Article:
Aristotle, Rhetoric. Book I, Chapter 4

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In the next place, a distinction must be precisely made respecting each of these, as for instance, what the subjects of consultation are; with what demonstrative citations are conversant; and in the third place what the subjects are about which judgements are employed. In the first place, therefore, it must be assumed what the kind of good or evil is about which he who advises counsels; since he does not give counsel about all things, but about such as may happen to be or not. But with respect to such things as are necessarily either are or will be, or which cannot possibly exist, about these there is no consultation. Hence, neither is there consultation about all contingent events. For there are some goods from nature, and some from fortune, which notwithstanding they are contingent, and may or may not be, yet consultation contributes nothing to them. But it is evident that consultation is respecting such things as are naturally adapted to be referred to us, and the principle of the generation of which is in our power. For our attention is exerted thus far, till we find whether it is possible or impossible for us to perform such things.

Accurately, therefore, to enumerate the several particulars, and to distribute into species the subject of popular discussion; and besides this, to determine according to truth as much as is possible concerning them, it is not necessary at present to investigate, because it is not the province of the rhetorical art, but of an art more allied to wisdom, and more true; for even now much more is attributed to rhetoric than pertains to is proper theorems. For that which we have before observed is true, that rhetoric is composed indeed from the analytic science, and from that political science which is conversant with morals; and it is partly similar to dialectic, and partly to sophisticated arguments. In proportion, however, as any one endeavors to discuss either dialectic or rhetoric, not as powers, but as sciences, so far he ignorantly destroys the nature of them, by migrating through this attempt into the sciences of certain subject things, instead of alone making a transition into the powers or faculties of words. At the same time, we shall now speak of whatever it is indeed requisite to distinguish, and which leaves matter of consideration to the political science. For nearly the subjects which are discussed by all those who give counsel are especially five in number; and these are, concerning wealth, war, and peace; and besides these, the defense of the country, exports and imports; and legislation.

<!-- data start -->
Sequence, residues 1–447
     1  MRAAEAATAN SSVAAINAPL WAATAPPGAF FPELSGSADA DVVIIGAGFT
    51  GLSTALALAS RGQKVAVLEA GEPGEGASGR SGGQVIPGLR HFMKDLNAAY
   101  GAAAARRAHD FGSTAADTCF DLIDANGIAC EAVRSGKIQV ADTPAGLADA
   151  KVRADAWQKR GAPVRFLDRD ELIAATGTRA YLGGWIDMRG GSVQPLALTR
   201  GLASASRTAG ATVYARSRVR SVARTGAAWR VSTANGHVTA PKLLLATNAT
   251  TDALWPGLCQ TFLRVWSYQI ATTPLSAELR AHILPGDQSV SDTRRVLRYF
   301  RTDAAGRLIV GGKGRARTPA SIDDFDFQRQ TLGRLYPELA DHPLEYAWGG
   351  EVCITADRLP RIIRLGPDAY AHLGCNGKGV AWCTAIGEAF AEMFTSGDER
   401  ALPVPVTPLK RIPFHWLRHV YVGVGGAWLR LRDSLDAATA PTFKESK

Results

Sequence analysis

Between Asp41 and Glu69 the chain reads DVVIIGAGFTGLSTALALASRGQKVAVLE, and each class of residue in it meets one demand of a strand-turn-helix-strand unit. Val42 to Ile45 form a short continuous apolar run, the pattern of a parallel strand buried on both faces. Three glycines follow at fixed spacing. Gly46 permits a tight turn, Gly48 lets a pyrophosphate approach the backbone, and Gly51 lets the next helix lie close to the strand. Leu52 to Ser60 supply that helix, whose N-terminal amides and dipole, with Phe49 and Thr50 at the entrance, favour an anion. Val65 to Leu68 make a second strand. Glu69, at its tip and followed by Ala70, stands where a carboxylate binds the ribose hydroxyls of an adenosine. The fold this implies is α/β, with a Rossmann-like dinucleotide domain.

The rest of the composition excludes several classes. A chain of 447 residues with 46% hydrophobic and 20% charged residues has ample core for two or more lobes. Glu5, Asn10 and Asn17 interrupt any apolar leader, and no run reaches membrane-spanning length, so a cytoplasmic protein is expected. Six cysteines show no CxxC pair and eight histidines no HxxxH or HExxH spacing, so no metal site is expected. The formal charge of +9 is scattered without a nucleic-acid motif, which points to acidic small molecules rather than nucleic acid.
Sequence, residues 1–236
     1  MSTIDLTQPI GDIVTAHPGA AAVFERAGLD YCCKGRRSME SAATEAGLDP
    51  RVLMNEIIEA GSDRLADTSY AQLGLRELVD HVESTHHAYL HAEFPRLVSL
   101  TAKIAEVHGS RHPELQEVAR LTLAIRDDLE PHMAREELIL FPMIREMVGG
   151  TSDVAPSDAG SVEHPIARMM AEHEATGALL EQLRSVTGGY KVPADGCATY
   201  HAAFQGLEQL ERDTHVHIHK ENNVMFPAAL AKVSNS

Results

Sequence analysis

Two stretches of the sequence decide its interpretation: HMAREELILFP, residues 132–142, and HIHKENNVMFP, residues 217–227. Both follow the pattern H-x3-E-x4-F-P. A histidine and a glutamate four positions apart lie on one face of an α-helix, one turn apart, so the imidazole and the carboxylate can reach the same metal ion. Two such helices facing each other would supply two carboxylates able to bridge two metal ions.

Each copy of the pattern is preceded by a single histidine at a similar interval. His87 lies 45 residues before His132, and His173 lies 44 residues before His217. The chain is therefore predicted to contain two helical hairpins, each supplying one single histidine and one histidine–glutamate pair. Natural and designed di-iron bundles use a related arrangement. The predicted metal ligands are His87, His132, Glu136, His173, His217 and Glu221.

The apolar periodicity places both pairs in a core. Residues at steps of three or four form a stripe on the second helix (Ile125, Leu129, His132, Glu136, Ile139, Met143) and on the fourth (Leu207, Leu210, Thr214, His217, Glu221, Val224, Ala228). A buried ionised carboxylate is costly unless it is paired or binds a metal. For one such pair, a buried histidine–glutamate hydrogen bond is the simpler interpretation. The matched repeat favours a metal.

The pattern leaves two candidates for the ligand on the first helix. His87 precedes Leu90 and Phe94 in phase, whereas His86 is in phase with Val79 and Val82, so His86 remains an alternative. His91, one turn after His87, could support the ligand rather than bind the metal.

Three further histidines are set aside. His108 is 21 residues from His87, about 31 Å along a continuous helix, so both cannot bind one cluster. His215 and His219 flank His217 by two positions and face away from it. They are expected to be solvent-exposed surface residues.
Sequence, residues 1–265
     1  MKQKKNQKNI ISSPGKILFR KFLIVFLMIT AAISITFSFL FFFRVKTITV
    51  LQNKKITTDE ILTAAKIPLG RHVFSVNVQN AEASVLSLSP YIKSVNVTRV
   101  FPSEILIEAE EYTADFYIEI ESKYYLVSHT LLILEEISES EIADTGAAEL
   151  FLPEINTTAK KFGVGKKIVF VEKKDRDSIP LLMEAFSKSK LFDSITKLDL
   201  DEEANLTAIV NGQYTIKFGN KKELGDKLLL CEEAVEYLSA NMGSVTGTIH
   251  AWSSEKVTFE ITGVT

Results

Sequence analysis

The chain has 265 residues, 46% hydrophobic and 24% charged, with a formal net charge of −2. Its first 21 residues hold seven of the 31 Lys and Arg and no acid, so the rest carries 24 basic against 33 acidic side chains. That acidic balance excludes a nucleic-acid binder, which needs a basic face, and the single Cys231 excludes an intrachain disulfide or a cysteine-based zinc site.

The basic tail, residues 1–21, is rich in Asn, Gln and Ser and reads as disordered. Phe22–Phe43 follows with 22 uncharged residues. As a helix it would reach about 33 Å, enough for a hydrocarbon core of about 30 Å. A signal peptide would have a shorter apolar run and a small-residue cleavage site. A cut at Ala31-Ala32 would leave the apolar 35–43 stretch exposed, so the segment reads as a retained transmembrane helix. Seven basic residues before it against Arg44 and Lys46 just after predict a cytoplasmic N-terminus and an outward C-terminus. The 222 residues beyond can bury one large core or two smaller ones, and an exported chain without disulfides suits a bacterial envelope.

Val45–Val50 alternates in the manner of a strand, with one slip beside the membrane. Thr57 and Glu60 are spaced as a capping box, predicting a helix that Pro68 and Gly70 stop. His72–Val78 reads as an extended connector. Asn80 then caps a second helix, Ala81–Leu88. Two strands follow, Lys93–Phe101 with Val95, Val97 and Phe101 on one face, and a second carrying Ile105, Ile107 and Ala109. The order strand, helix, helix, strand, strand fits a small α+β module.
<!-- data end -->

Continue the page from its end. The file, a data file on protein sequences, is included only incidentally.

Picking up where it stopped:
Hence, it is requisite that he who is to give counsel about wealth, should know the revenues of the country, what they are, and how, if they are deficient, an addition may be made to them; and how, if they are too small, they may be augmented. It is likewise necessary that he should be acquainted with all the expenses of the city, and know how any unnecessary expense may be removed, and that which is greater [than is fit] may become less. For men not only become richer by an accumulation of property, but also by a decrease of expense. And these things may not only be surveyed from the experience of private affairs; but in order to give counsel about these, it is necessary to be skilled in what has been discovered by others.